A drunk is offering me relationship advice. The American is peeling off his banknotes. The adrenalin’s coursing through my veins. I’m being sucked in deeper. The last words I hear before I march back home and up the pitch black stone stairs to my new apartment are, “I hear you’re thinking of getting rich, living in a graveyard”. I have no idea what this means. It is ludicrous, and there is no point trying to work out who is saying to whom or why.
It’s an asylum, and I am part of it. I feel like I am in a movie set in Saigon in 1973. There is a frenzy, a relentless energy amidst uncertainty and chaos. Tonight was spent meeting hordes of different people, each with their fascinating agendas; tomorrow I am going to the ballet after a day at work (remember: we work seven days a week) but I will take a morning off tomorrow as the place where I work is closed until Midday. Hence I have a few moments of respite as I write these words, just before curfew as I hear the traffic road down the cobbles as everyone rushes to get home, to paint a picture of Lviv on an energetic Saturday evening during the chaos of war as patriotic Ukrainians and their foreign supporters from all over the world mix and live and work together. It is truly an extraordinary thing, and I hope that these words help you understand the complicated social structures that have arisen in this city as a result of the war we are all living through upon the doorstep.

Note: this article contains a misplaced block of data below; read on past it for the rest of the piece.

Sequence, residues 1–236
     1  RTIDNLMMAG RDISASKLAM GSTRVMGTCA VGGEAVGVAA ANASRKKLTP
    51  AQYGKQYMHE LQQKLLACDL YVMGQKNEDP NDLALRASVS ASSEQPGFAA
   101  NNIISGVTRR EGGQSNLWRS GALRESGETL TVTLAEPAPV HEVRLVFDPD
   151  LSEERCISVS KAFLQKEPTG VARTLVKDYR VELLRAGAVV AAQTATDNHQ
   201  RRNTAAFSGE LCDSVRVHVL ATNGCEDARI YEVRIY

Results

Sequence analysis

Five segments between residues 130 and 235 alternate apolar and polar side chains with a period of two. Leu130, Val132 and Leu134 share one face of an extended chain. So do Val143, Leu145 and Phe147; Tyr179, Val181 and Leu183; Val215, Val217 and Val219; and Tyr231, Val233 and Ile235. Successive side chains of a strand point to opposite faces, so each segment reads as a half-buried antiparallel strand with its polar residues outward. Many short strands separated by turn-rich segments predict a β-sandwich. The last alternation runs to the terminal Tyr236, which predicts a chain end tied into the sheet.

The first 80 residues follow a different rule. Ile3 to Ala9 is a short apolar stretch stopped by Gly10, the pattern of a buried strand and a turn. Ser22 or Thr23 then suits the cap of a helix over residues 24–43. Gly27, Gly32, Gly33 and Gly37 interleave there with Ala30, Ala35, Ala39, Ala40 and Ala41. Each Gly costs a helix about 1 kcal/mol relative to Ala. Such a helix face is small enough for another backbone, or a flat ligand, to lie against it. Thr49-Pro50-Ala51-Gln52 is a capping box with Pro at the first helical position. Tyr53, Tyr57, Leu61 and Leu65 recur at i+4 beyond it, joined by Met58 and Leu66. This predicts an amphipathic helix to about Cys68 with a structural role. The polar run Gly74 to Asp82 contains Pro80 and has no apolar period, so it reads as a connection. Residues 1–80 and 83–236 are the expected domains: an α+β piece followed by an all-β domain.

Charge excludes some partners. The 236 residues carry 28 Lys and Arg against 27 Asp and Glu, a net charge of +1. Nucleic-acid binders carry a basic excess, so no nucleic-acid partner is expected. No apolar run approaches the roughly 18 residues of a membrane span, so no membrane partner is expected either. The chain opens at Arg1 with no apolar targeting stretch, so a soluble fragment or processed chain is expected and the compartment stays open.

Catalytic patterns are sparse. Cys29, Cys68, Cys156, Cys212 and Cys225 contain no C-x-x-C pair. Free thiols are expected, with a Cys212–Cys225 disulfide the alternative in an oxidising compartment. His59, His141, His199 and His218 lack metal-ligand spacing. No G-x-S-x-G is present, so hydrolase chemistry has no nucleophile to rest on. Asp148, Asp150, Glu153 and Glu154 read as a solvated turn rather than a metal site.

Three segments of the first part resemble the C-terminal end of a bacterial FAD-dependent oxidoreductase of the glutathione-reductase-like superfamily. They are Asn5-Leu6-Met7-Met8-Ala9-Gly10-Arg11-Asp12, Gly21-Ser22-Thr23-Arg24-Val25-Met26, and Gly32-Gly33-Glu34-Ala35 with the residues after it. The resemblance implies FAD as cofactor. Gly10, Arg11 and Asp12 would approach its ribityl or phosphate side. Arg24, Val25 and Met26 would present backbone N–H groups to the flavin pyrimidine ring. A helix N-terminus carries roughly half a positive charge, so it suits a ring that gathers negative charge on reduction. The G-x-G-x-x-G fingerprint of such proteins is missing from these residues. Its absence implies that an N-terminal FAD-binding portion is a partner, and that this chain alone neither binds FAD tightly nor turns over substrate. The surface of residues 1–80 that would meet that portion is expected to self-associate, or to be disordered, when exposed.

At the end of the evening, the American man from the US federal prison system was handing out Russian Armed Forces flag patches, saying he had taken them from soldiers he had personally murdered while he was on the front line. This is false. He is a maniac. Nobody in downtown Lviv hands out Russian Armed Forces flag patches, unless they are truly deranged. As I walked home, he was pouring more limoncellos into the mouths of anyone who would take them. Presumably tomorrow morning there will be more heads down toilets. What am I to make of all of this? Is it normal? Can I make a difference? What is my advice to anyone who might be listening, about what to do to bring this war to a quick and satisfactory conclusion? For now my only thought is that maybe all of us in Lviv: we need a quick burst to the head.